When it was announced that the findings of the Jenner & Block investigation into the Chicago Blackhawks would be made public it was clear that a storm was brewing.
Some took cover, like the team placing both Jonathan Toews and Patrick Kane on the COVID-19 list keeping them out of media availability. Some braced for impact, like the countless journalists across the country who could only imagine the storylines that would emerge.
Unlike the others, one man stepped into the eye of the storm. John Doe asked TSN to reveal his identity after the report went public meaning that today the world met Kyle Beach.
Before anything else is said today, let me get this out there; thank you, Kyle. Thank you for your bravery, your grace, your story. Thank you for stepping into the storm and for the example it sets for survivors across sport. The hockey community has failed you for over a decade but we promise this is the beginning of us being in your corner and hopefully, the rest of the world is right there with us.
Unfortunately, it looks like the NHL will not be joining the rest of us in support of Beach and survivors across sport. Why do I say that? Because 45 minutes after the conclusion of Beach’s interview with Rick Westhead, the coach who watched this all go down over a decade ago stepped behind an NHL bench.
Joel Quenneville was named in the report as someone who knew about the incident and yet there has yet to be any form of consequence for his actions. Yes, Gary Bettman has said he will have a “private meeting” with the coach on Thursday but after watching this all unfold it’s hard to be hopeful on that.
For all intents and purposes, this meeting is essentially an in-person hearing for Quenneville. When a player is given an in-person hearing, he can’t play until the meeting has been had, which begs the question of why is this any different?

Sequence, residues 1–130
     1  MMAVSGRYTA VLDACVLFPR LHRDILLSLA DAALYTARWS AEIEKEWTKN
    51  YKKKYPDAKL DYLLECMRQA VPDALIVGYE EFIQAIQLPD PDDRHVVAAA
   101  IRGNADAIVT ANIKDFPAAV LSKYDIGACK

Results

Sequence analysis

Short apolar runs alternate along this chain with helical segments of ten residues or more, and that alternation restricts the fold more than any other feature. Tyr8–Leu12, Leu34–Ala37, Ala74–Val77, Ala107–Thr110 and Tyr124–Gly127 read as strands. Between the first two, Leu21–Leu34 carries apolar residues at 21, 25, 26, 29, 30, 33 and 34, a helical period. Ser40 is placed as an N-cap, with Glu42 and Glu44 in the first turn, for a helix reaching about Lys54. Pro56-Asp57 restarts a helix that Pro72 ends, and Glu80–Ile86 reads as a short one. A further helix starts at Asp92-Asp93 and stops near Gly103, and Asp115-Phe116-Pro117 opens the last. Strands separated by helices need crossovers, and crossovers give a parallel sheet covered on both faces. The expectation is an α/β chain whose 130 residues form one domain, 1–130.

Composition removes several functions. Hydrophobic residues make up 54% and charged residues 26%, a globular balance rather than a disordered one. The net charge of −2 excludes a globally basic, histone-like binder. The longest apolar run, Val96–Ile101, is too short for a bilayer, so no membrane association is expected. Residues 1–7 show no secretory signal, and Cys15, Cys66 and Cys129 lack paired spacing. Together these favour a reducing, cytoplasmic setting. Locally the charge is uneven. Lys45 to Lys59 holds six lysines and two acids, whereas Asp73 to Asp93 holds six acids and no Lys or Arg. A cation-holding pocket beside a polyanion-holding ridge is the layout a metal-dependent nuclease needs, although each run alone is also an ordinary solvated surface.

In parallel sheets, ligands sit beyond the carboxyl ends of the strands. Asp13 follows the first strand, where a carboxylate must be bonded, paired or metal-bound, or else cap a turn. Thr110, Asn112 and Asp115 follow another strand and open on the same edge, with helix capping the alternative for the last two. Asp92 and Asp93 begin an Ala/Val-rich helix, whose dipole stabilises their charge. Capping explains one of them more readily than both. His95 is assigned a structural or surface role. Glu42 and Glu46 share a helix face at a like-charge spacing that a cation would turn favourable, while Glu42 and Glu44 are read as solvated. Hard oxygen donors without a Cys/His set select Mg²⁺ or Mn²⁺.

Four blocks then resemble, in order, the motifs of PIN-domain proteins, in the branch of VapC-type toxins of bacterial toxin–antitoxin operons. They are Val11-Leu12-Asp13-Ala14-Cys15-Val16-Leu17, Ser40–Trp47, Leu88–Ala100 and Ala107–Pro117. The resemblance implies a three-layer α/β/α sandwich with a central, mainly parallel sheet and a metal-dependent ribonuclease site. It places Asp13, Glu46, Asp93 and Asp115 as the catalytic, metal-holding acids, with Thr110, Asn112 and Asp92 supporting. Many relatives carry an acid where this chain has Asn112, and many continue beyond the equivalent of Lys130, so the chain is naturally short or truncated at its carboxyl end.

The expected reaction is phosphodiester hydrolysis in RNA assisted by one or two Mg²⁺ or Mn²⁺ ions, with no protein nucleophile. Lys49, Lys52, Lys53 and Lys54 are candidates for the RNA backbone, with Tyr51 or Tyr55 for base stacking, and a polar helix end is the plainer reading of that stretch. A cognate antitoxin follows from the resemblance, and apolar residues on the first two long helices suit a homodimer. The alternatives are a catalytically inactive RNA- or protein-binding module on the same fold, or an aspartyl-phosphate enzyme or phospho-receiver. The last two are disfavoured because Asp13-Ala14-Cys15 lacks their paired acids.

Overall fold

The short (and obvious) answer is because the NHL frankly doesn’t, nor have they ever, given a second thought to survivors and their trauma. It’s a bottom-line business that uses humans as stepping stools to the next echelon of profitability. Wins are a capital good and should not be compromised under any circumstance, even if that means allowing a symbol of someone’s trauma to step onto the literal pedestal of an NHL bench.
Yes, I’m looking at you Florida Panthers with that last line. The undefeated Panthers, like the NHL, have elected not to punish Quenneville following the publication of the report. You can argue that they see this as something that isn’t their problem or as a thing of the past but the fact of the matter is that some things are, above all, a human issue and are bigger than hockey.
By no means is hockey the only industry to let perpetrators and accessories get away with the behavior but the fact that anyone watching can look at this case and recognize every bit of “hockey culture” says about as much as any string of words ever could about the need to burn this all down and start over.
Currently, we know that hockey is not a place for everyone and as much as Beach coming forward with his story made strides to show survivors they do belong in sport, the NHL’s shrugging of its shoulders at the ones who cause harm does as much if not more to slam the door in their faces.
We also know that this is not an isolated incident. Beach shed light on it when he listed off other sports organizations and athletes who have been impacted by sexual assault. Even so, the NHL felt no need to suspend the man who not only knew about what happened but wrote a glowing review of the perpetrator before sending him off to do it again.
The bottom line is that back in 2010, the Chicago Blackhawks elected to protect a video coach over their 11th overall pick. In 2021 the league has elected to protect its bottom line through non-action rather than actively supporting the humans that contribute to it. The sadder truth is that none of us can say we’re surprised.